Trying to fit in - upper secondary school students' negotiation processes between sports culture and youth culture

Research output: Contribution to journalJournal articleResearchpeer-review

Standard

Trying to fit in - upper secondary school students' negotiation processes between sports culture and youth culture. / Nielsen, Stine Frydendal; Thing, Lone Friis.

In: International Review for the Sociology of Sport, Vol. 54, No. 4, 2019, p. 445-458.

Research output: Contribution to journalJournal articleResearchpeer-review

Harvard

Nielsen, SF & Thing, LF 2019, 'Trying to fit in - upper secondary school students' negotiation processes between sports culture and youth culture', International Review for the Sociology of Sport, vol. 54, no. 4, pp. 445-458. https://doi.org/10.1177/1012690217725906

APA

Nielsen, S. F., & Thing, L. F. (2019). Trying to fit in - upper secondary school students' negotiation processes between sports culture and youth culture. International Review for the Sociology of Sport, 54(4), 445-458. https://doi.org/10.1177/1012690217725906

Vancouver

Nielsen SF, Thing LF. Trying to fit in - upper secondary school students' negotiation processes between sports culture and youth culture. International Review for the Sociology of Sport. 2019;54(4):445-458. https://doi.org/10.1177/1012690217725906

Author

Nielsen, Stine Frydendal ; Thing, Lone Friis. / Trying to fit in - upper secondary school students' negotiation processes between sports culture and youth culture. In: International Review for the Sociology of Sport. 2019 ; Vol. 54, No. 4. pp. 445-458.

Bibtex

@article{d199a1f5de48474bb25938d0dc2d4b5b,
title = "Trying to fit in - upper secondary school students' negotiation processes between sports culture and youth culture",
abstract = "In this paper we present results concerning how students in a Danish upper secondary school negotiate between sports culture and the prevailing norms of youth culture in a local school context. The study shows that it can be rather difficult for young people to combine sports culture with the local youth culture, because living a healthy and physically active life doesn’t fit very well with the prevailing norms of youth culture, which involve a dominant social arena characterized by parties and alcohol. By applying the figurational sociology of Norbert Elias, this article shows that being included in a sports figuration can result in exclusion from the youth figuration. Young athletic students are therefore in a constant process of negotiation, where they struggle to fit into both sport and non-sport related contexts, because it is important to belong within both. The study is based on 16 focus group interviews [N=120] conducted over four years in one Danish upper secondary school.",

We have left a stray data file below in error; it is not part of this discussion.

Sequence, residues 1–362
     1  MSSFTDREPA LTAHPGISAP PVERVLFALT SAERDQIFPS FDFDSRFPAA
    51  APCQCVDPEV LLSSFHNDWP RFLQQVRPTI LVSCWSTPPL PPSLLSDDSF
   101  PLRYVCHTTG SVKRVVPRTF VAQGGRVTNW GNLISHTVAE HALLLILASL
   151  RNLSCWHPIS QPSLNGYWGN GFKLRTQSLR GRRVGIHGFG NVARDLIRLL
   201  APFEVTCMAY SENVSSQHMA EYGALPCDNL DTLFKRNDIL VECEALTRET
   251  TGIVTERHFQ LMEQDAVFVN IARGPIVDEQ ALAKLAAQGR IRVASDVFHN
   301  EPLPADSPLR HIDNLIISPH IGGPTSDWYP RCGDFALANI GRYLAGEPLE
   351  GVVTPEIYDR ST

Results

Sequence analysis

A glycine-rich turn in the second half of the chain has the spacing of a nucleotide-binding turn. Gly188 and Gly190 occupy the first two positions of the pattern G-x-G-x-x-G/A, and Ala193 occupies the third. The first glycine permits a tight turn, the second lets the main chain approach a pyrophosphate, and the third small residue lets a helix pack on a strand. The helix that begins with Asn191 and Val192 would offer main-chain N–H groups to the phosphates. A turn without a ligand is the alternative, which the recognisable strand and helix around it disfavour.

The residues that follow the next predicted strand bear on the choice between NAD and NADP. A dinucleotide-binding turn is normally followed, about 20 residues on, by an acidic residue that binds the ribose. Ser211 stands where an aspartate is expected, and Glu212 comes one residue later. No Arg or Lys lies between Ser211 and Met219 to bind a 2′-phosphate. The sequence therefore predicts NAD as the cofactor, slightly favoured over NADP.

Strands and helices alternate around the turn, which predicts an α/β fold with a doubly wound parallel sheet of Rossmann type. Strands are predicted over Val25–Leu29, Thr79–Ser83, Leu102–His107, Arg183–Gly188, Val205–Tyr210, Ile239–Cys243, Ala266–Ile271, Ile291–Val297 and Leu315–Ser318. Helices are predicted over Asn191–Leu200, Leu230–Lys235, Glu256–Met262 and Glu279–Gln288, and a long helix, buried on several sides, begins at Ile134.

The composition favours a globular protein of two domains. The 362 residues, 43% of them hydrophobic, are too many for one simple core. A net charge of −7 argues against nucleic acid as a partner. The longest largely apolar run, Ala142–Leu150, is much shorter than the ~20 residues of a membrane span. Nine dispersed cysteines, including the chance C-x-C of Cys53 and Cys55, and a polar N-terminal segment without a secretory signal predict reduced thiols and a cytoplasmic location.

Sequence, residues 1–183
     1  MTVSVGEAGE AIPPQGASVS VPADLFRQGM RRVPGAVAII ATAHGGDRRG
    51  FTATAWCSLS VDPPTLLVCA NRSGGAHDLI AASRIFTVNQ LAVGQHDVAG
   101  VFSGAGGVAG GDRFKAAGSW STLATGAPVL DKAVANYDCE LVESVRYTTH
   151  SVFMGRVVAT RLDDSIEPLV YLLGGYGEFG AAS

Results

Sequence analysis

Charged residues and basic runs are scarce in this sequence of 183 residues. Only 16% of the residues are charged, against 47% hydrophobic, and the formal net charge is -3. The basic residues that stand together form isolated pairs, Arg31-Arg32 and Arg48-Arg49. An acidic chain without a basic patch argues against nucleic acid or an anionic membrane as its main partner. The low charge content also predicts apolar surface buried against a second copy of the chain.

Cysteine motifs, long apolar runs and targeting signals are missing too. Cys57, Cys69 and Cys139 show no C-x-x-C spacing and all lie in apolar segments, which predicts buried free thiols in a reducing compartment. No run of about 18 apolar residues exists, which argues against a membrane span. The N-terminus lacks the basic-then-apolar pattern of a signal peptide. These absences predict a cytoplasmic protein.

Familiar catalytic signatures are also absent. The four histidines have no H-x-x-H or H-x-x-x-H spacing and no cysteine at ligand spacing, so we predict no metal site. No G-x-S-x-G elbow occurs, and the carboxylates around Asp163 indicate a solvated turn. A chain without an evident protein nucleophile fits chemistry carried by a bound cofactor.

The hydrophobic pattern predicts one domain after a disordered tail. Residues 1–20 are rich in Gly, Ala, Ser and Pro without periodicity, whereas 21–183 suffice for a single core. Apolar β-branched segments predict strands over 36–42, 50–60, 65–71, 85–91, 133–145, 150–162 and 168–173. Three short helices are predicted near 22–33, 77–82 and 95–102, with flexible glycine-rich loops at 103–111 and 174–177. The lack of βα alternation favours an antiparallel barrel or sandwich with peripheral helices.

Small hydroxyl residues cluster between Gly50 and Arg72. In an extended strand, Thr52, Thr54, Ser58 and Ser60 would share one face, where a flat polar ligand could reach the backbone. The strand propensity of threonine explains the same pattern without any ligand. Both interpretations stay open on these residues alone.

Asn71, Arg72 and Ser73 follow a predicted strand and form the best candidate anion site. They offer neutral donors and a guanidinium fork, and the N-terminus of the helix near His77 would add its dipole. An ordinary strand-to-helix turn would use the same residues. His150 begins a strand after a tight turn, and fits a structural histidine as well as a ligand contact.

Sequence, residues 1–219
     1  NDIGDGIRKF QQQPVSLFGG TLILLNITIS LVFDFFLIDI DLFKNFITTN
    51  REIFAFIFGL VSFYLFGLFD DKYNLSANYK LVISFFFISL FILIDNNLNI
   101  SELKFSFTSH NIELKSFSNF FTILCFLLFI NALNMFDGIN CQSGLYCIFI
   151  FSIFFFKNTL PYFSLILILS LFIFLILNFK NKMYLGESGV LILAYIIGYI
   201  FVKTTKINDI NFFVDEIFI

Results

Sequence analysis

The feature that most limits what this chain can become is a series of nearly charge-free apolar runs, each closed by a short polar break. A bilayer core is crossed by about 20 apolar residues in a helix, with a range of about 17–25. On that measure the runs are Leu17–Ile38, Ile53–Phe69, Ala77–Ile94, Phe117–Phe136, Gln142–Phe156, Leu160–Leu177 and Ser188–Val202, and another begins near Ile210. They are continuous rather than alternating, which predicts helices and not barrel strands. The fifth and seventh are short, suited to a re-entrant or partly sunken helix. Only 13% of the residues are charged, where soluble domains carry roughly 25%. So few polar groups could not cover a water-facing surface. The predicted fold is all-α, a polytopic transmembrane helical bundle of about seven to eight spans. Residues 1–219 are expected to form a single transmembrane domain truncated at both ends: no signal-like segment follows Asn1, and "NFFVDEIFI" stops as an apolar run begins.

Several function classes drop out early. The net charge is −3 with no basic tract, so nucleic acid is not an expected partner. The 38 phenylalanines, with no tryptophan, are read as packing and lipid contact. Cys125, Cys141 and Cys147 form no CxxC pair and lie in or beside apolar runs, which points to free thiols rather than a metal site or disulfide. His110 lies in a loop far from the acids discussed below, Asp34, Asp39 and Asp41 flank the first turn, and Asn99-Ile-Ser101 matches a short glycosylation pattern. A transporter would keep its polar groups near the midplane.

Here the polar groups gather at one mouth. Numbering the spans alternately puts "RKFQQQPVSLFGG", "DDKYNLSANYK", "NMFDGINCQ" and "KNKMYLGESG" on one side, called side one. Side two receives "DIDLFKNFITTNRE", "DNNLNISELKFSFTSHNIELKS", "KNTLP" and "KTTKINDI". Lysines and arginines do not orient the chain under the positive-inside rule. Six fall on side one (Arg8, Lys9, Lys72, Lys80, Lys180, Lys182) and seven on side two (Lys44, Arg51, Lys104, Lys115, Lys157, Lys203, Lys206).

keywords = "Faculty of Science, Figurational sociology, Focus group interviews, Physical education, School-based research, Sports culture, Youth culture",
author = "Nielsen, {Stine Frydendal} and Thing, {Lone Friis}",
note = "CURIS 2019 NEXS 168",
year = "2019",
doi = "10.1177/1012690217725906",
language = "English",
volume = "54",
pages = "445--458",
journal = "International Review for the Sociology of Sport",
issn = "1012-6902",
publisher = "SAGE Publications",
number = "4",

}

RIS

TY - JOUR

T1 - Trying to fit in - upper secondary school students' negotiation processes between sports culture and youth culture

AU - Nielsen, Stine Frydendal

AU - Thing, Lone Friis

N1 - CURIS 2019 NEXS 168

PY - 2019

Y1 - 2019

N2 - In this paper we present results concerning how students in a Danish upper secondary school negotiate between sports culture and the prevailing norms of youth culture in a local school context. The study shows that it can be rather difficult for young people to combine sports culture with the local youth culture, because living a healthy and physically active life doesn’t fit very well with the prevailing norms of youth culture, which involve a dominant social arena characterized by parties and alcohol. By applying the figurational sociology of Norbert Elias, this article shows that being included in a sports figuration can result in exclusion from the youth figuration. Young athletic students are therefore in a constant process of negotiation, where they struggle to fit into both sport and non-sport related contexts, because it is important to belong within both. The study is based on 16 focus group interviews [N=120] conducted over four years in one Danish upper secondary school.

AB - In this paper we present results concerning how students in a Danish upper secondary school negotiate between sports culture and the prevailing norms of youth culture in a local school context. The study shows that it can be rather difficult for young people to combine sports culture with the local youth culture, because living a healthy and physically active life doesn’t fit very well with the prevailing norms of youth culture, which involve a dominant social arena characterized by parties and alcohol. By applying the figurational sociology of Norbert Elias, this article shows that being included in a sports figuration can result in exclusion from the youth figuration. Young athletic students are therefore in a constant process of negotiation, where they struggle to fit into both sport and non-sport related contexts, because it is important to belong within both. The study is based on 16 focus group interviews [N=120] conducted over four years in one Danish upper secondary school.

KW - Faculty of Science

KW - Figurational sociology

KW - Focus group interviews

KW - Physical education

KW - School-based research

KW - Sports culture

KW - Youth culture

U2 - 10.1177/1012690217725906

DO - 10.1177/1012690217725906

M3 - Journal article

VL - 54

SP - 445

EP - 458

JO - International Review for the Sociology of Sport

JF - International Review for the Sociology of Sport

SN - 1012-6902

IS - 4

ER -

ID: 182577181